John Smith was the only Protestant to move into a large Catholic neighborhood. On the first Friday of the Lenten season, John was outside barbequing a big juicy sirloin steak on his grill. Meanwhile, all of his neighbors were eating cold tuna fish for supper. This went on for each Friday of Lent. On the last Friday of the sacrificial season, the neighborhood men got together and decided something had to be done about John. He was tempting them to eat meat each Friday of Lent, and they couldn’t take it anymore. So they decided to try and convert John to Catholicism. They went over and talked to him and were so happy that he decided to join all of his neighbors and become a Catholic. They took John to their churc,. where the priest sprinkled some water over him and pronounced, “You were born a Baptist, you were raised a Baptist, and now you are Catholic.” The men were so relieved, now their biggest Lenten temptation was finally over. However, when next year’s Lent rolled around and they were all sitting down for a Friday supper of tuna fish, the aroma of sirloin steak cooking on a grill came wafting in through their windows. The men couldn’t believe their noses – what was going on!” They called each other up and decided to meet over in John’s back yard to see if he had forgotten it was the first Friday of Lent. The group arrived just in time to see John standing over his grill with a small pitcher of water. He was sprinkling some drops over the sirloin steak on his grill, proclaiming, “You were born a cow, you were raised a cow, and now you are a fish.”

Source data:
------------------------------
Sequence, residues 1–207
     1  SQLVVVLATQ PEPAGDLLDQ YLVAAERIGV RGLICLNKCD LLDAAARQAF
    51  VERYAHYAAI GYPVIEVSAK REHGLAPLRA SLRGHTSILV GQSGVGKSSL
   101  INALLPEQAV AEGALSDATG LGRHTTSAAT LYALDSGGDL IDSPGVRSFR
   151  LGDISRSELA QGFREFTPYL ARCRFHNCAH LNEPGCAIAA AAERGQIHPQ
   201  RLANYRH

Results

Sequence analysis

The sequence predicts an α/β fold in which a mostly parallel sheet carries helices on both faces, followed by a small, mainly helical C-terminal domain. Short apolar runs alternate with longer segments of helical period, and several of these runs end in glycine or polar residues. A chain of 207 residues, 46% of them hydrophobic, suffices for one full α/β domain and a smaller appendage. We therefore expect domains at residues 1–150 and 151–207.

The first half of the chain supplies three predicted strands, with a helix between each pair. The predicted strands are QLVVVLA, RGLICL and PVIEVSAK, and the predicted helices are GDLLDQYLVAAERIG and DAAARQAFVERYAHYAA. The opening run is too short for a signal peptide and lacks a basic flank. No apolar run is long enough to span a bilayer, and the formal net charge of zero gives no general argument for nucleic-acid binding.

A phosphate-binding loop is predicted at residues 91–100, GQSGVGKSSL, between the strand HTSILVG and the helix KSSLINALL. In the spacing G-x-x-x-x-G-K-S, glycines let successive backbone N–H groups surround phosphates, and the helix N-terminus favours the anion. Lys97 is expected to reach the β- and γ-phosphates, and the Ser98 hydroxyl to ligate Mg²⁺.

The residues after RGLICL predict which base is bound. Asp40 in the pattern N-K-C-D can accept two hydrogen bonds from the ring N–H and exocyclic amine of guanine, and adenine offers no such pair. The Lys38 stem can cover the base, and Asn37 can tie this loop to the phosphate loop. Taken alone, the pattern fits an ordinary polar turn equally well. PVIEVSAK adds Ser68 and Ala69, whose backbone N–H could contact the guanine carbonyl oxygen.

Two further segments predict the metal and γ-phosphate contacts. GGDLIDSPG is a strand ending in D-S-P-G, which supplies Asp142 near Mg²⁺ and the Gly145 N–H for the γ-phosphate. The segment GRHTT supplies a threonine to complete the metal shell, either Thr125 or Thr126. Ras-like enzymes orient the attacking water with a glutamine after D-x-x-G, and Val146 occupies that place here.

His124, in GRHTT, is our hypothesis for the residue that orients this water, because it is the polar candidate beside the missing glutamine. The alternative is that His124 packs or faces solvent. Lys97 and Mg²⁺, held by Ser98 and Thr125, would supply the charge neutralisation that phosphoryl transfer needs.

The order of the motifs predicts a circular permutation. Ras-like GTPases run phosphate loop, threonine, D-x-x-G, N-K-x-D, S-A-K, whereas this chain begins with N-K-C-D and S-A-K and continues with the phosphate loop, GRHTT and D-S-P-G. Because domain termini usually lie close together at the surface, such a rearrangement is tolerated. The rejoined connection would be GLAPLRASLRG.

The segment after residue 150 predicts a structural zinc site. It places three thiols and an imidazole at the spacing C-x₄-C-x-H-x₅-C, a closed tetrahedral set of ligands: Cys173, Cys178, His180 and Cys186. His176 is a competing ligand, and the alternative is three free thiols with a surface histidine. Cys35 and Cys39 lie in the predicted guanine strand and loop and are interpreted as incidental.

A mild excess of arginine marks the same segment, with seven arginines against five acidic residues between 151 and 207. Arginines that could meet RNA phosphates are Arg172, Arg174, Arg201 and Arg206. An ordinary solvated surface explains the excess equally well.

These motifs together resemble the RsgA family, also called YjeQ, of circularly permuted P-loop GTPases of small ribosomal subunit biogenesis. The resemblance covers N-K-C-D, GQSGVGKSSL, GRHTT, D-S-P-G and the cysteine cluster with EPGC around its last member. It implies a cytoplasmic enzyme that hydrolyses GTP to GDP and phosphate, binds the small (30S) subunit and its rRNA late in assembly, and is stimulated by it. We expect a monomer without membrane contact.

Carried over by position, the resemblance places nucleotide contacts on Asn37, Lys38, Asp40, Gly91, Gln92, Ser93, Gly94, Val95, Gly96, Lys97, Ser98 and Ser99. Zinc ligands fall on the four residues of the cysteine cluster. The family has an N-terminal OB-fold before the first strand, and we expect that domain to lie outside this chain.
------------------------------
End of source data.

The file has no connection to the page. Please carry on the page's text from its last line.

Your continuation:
Rev. Joel Osteen is pastor of the largest congregation in America – Lakewood Church in Houston, Texas, with an average Sunday
morning attendance of 38,000 people. When you read the church’s doctrinal statement, all of the traditional orthodox beliefs are there on paper. But when you listen to the pulpit messages, seldom are any of these theological truths taught. Rather, Pastor Joel comes across as a nice guy who goes out of his way not to offend anyone while giving a psychological, feel-good, motivational kind of message (especially avoiding words like, “sinner, judgment, hellfire,” etc.). In light of this, it should come as no surprise that when Rev. Osteen recently visited with Pope Francis at the Vatican (as part of an ecumenical group of fifteen Protestants) he had nothing but gushing praise for the Vicar of Rome. After being wined-and-dined by Vatican officials, including a personal tour and private dinner, here are the comments of the man voted as the most influential religious leader in North America: On The Tour – “It was amazing. To be taken back into that part of the Vatican, there’s just so much history there. You feel their deep respect and reverence for God.” On The Mass – “I just felt very honored and very humbled to be a part of it all. And then afterwards, to see the Pope spend an hour-and-a-half going through the crowd with the Pope-Mobile, greeting worshipers. It was very heartwarming to watch him caring for the people.” On The Trip – “I love the fact that the Holy See has made the church more inclusive, not trying to make it smaller but to make it larger, to take everybody in. And of course, that just resonates with me.” But not one word of the gospel and the salvation Luther stood for, sola fide (by faith alone).
The bottom line? Effusing about the Pope keeps the Catholics sending in money to Osteen’s TV ministry, but at what cost to their still-blinded eternal souls.